This is my 100th post on this blog. One hundredth! Sometimes I’m still in shock that I’ve been able to maintain the site for this long already, that I’ve somehow found 100 topics interesting enough to inspire me to share. And other times, while watching the total views and total visitors creep higher and higher each day, I’ll panic a little bit. In 100 entries. I’ve admitted to: injuring myself and losing things after excessive drinking, flashing my nipples at a neighbor, stepping in puddles of pee on the NYC sidewalks, walking around for hours with food in my hair, and accidentally making out with strangers who tell me I’m pretty. I’ve also immortalized how on more than one occasion I’ve felt like a total failure at my job, how it felt to hand someone my heart and watch him crush it slowly and then all at once, and what it’s like for my heart to break a little, even now, when I see a beagle in the street or I find another wayward Chapstick under my bed.

It’s really scary to have opened myself up to criticism in the way that I have with this space. Sometimes I’m expecting my inbox to be flooded with emails from exes or friends, demanding I rewrite their story, forcing me to take something offline. Other times I wonder if strangers think I’m crazy, a stereotypical single girl who lives alone with a cat and worships all things Taylor Swift. It’s crossed my mind more than once not to put something up here, looking at a final draft with the same trepidation that I would an email to a client, scrutinizing every word as though my life depended on it. And every time I stare at something thinking “Am I really about to put this out into the world?” I always hit OK. I could censor myself easily, but if I’ve learned anything from 8 years of tireless devotion to Ms. Swift’s music, it’s that there’s no point in doing anything if you’re going to do it halfway.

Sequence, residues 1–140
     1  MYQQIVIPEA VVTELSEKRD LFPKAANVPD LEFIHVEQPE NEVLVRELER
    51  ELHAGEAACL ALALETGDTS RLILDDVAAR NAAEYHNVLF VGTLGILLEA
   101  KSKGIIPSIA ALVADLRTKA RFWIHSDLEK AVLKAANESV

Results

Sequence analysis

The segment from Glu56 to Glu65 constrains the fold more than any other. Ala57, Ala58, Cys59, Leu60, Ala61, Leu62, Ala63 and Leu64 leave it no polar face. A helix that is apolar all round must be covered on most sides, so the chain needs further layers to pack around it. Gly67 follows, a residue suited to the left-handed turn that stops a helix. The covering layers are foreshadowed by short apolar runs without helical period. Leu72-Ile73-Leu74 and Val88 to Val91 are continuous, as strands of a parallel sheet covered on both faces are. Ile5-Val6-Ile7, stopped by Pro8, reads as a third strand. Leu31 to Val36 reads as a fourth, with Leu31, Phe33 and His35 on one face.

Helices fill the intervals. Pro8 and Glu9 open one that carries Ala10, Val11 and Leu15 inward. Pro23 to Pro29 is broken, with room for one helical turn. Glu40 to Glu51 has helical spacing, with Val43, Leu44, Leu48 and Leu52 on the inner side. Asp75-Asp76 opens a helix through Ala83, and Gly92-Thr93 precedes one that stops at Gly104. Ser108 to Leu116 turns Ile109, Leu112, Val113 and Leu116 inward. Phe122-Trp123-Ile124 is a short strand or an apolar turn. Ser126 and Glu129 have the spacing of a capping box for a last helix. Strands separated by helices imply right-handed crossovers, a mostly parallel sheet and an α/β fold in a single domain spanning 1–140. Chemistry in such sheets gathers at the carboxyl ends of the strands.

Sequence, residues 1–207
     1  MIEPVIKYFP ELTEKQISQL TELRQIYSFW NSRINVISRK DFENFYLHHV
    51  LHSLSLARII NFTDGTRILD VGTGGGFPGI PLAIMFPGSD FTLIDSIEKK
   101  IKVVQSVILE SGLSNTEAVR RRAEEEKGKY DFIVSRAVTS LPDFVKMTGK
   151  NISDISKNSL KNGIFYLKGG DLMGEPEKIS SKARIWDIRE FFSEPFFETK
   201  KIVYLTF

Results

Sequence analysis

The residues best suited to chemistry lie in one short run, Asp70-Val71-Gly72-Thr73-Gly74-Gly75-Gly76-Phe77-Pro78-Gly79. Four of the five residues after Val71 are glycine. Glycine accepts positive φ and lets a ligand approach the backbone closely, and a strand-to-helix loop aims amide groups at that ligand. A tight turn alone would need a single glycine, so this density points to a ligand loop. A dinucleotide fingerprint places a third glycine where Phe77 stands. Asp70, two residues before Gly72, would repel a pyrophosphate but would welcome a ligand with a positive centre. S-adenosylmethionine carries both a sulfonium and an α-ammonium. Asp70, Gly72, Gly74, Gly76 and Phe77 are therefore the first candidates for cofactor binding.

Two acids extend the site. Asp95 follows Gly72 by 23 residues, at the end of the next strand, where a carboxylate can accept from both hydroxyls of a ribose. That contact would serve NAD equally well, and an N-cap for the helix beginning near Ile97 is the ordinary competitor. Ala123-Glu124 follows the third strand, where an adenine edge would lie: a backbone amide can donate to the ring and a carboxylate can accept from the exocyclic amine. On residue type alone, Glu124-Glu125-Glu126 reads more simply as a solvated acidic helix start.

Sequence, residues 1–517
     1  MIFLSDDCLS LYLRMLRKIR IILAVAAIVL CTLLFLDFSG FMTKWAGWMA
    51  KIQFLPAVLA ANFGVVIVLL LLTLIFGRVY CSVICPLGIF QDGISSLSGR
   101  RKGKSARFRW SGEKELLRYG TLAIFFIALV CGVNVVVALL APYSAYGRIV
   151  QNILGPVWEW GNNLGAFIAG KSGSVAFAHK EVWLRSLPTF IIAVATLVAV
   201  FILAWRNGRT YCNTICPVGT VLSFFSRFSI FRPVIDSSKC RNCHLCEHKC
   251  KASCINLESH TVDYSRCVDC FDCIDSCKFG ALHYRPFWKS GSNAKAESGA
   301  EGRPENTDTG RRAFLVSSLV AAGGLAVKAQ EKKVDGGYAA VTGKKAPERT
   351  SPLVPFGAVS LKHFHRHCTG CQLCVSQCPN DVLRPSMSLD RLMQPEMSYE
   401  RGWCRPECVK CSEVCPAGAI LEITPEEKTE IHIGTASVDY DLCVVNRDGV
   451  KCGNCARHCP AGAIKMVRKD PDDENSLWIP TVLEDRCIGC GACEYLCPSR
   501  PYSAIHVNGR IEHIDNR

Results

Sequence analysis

The new album this week was more than I’d been hoping for, with a few lines that literally took the breath out of my lungs, because once again, I know exactly how she was feeling when she wrote it (10 months sober, I must admit/Just because you’re clean don’t mean you don’t miss it). She finally knocked Hozier out of my headphones, and 1989 will stay there until I’ve learned all these words like I have all the others, dancing at my desk, on the subway, while at home in PJs with little miss. Say what you want about my love for Ms. Swift or any of the decisions I make here, the content and the stories I’ve deemed acceptable for public consumption. Because haters gonna hate hate hate – I’ll be the one shaking it like everyone’s watching for the next 100 entries and beyond.

Quick Thoughts: Milestones

“I just can’t believe she’s getting married! When did we all grow up?!”

My beautiful, wonderful, inspiring childhood friend said Yes this weekend. She wore a lovely white dress, walked down the aisle of the chapel at her alma mater and took everyone’s breath away, her husband’s most of all. I was thinking about it the previous Thursday at work, as I sorted through logistics of getting back to CT the next day, getting to my goofball J’s place pre-wedding, and most importantly, deciding what I was going to wear. I peeked at her wedding website to confirm exactly when everything would start, and found myself completely overwhelmed with the emotion of the situation ahead, seeing her for the first time in a year, finally meeting her fiance, watching her get married, watching them say yes, and nearly started to cry at my desk.

I signed into Gchat and sent a note to J telling him to prepare himself for some serious waterworks, since I was already teary and have a tendency to cry at weddings for people I love. He made me laugh, like he always does, and I nearly started to cry again, thinking that his own nuptials are likely to happen in the very near future. And my twinster, my T, is setting a date this week, the official date. And all of a sudden it hit me, the sheer volume of all the milestones coming up for my family, my friends, in the next year: graduations, major birthdays, anniversaries, engagements and weddings.

It’s strange, sometimes, knowing I’m the only one in that group, and near the only one in any of my groups, that doesn’t have a milestone of my own to look forward to in the next year. But then again, with all the big moments and overwhelming emotions I’m sure to face in supporting everyone around me, I think it’s plenty enough to be happy for everyone else for now.